EyeWorld Weekly Update, April 20, 2018

April 20, 2018
Volume 24 , Number 13

Reduction in unmedicated IOP in IDE pivotal data trial for iStent inject

The iStent inject Trabecular Micro-Bypass System (Glaukos, San Clemente, California) led to a significant reduction in unmedicated diurnal IOP in patients undergoing cataract surgery, according to 2-year U.S. Investigational Device Exemption (IDE) pivotal trial data. The prospective, randomized, multicenter trial included 387 subjects randomized to the iStent inject along with cataract surgery and 118 subjects randomized to cataract surgery only. Subjects were followed through 24 months with annual medication washouts, according to a Glaukos press release. At 24 months, 75% of the iStent inject cohort had a 20% or larger reduction in unmedicated IOP compared with 62% in the cataract-only cohort. The mean unmedicated IOP reduction was 6.9 mm Hg for the iStent inject cohort compared with 5.4 mm Hg for the cataract-only cohort. The iStent inject has the same fluidic method of action as the first-generation iStent Trabecular Micro-Bypass Stent, according to the company. The iStent inject is not yet approved in the U.S. but is commercially available in other countries. Glaukos submitted a premarket approval application for it to the U.S. Food and Drug Administration (FDA) in December. In other Glaukos news, the company announced that it has filed a patent infringement lawsuit against Ivantis (Irvine, California), alleging that the Hydrus Microstent infringes on Glaukos patents relating to certain Glaukos' core glaucoma technologies. The suit was filed in the U.S. District Court for the Central District of California, Southern Division.

12-month results released comparing MIGS devices Hydrus and the iStent

Twelve-month results comparing the Hydrus Microstent to the iStent Trabecular Micro-Bypass Stents found that 47% of eyes in the Hydrus Microstent group were medication-free compared with 24% of eyes in the two iStent group, according to research from Ivantis. Use of medication decreased on average by 1.6 medications (61%) in the Hydrus group compared with one medication (37%) in the two iStent group. A 20% IOP reduction occurred in 73% of patients receiving the Hydrus compared with 47% of the two iStent patients. The results are from COMPARE, the first prospective, multicenter randomized trial comparing the two devices to treat open angle glaucoma in a standalone procedure, according to an Ivantis press release. The trial included 152 patients with mild to late moderate glaucoma and took place at 12 centers in eight countries outside of the U.S. It was designed to be a head-to-head comparison of devices without the confounding effect of cataract surgery, according to Ivantis.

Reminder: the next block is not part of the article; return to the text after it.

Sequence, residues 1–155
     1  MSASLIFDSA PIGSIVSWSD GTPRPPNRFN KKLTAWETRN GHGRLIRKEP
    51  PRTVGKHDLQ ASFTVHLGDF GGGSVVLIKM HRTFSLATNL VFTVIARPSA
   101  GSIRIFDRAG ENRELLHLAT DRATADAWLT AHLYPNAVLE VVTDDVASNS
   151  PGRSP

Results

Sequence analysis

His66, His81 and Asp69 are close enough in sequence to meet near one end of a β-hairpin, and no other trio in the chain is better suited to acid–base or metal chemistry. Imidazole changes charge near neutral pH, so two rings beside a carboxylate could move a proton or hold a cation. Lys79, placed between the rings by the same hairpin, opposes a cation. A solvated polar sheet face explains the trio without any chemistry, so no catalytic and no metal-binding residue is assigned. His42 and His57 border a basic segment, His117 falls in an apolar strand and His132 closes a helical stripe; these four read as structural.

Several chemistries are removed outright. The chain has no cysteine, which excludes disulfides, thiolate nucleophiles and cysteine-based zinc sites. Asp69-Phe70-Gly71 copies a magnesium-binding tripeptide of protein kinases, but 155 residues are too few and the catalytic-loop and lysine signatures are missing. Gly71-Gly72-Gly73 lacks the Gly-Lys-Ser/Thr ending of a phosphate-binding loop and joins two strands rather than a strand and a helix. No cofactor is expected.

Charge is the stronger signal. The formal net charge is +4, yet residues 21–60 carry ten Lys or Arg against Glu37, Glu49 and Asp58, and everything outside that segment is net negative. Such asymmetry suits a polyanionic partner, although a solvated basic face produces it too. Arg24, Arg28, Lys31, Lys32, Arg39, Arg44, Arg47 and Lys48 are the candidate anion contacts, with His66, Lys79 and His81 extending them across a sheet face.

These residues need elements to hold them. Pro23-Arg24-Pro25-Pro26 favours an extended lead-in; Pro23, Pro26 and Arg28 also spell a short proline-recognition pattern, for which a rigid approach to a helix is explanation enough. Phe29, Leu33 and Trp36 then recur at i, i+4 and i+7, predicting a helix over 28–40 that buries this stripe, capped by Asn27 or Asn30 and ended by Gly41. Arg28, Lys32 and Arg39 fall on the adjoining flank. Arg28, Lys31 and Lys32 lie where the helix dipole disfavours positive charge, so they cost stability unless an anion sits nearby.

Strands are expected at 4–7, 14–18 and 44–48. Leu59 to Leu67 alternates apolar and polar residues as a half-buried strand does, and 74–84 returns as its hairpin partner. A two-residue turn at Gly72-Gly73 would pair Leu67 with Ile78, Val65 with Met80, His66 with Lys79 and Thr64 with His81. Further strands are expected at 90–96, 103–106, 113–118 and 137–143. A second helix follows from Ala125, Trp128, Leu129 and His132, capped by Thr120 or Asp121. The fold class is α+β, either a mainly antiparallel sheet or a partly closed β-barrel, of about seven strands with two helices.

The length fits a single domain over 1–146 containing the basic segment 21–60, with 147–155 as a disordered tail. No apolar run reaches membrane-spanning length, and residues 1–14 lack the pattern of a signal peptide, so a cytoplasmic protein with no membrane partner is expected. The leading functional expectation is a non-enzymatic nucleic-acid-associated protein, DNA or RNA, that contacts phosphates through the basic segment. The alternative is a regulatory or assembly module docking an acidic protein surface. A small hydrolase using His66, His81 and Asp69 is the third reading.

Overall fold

Marketing permitted for IDx-DR for detection of diabetic retinopathy in primary care

The FDA has granted a De Novo request from IDx (Coralville, Iowa) to market its IDx-DR, an artificial intelligence-based diagnostic system for the autonomous detection of diabetic retinopathy. It is the first autonomous, artificial intelligence-based diagnostic system authorized for commercialization by the U.S. FDA, according to a press release from IDx-DR. The system can be used to provide an immediate assessment for diabetic retinopathy, including macular edema, during a routine office visit in a primary care setting, the company reported. Information generated by the exam and interpretation allow primary care providers to counsel patients about follow-up care while they are still in the office.

Additional Phase 3 trial required for RGN-259 for dry eye

The FDA is asking for an additional Phase 3 trial to be completed for the New Drug Application submission of RGN-259 (RegeneRx Biopharmaceuticals, Rockville, Maryland). The additional Phase 3 trial would follow the company's completion of ARISE-2, also a Phase 3 trial. All safety data from ARISE-1 and ARISE-2 were accepted by the FDA, and the company's chemistry and manufacturing control plans for the drug substance and product were considered complete and acceptable, according to a company press release.

FDA issues guidance for resubmission of the EyeGate Ocular Bandage Gel

The U.S. FDA has provided guidance to EyeGate Pharmaceuticals (Waltham, Massachusetts) regarding its amended IDE application for a second pilot study of the EyeGate Ocular Bandage Gel, which is under development to accelerate reepithelialization of large corneal epithelial defects in patients having PRK. The letter from the FDA identified four deficiencies in the company's submission and requested more information on the manufacturing processes associated with the EyeGate Ocular Bandage Gel, according to a company press release. EyeGate anticipates targeting a second amendment to the IDE application in July of this year. If the next amendment is approved by the FDA, the company would look to initiate the product's second pilot study in PRK patients later in the third quarter.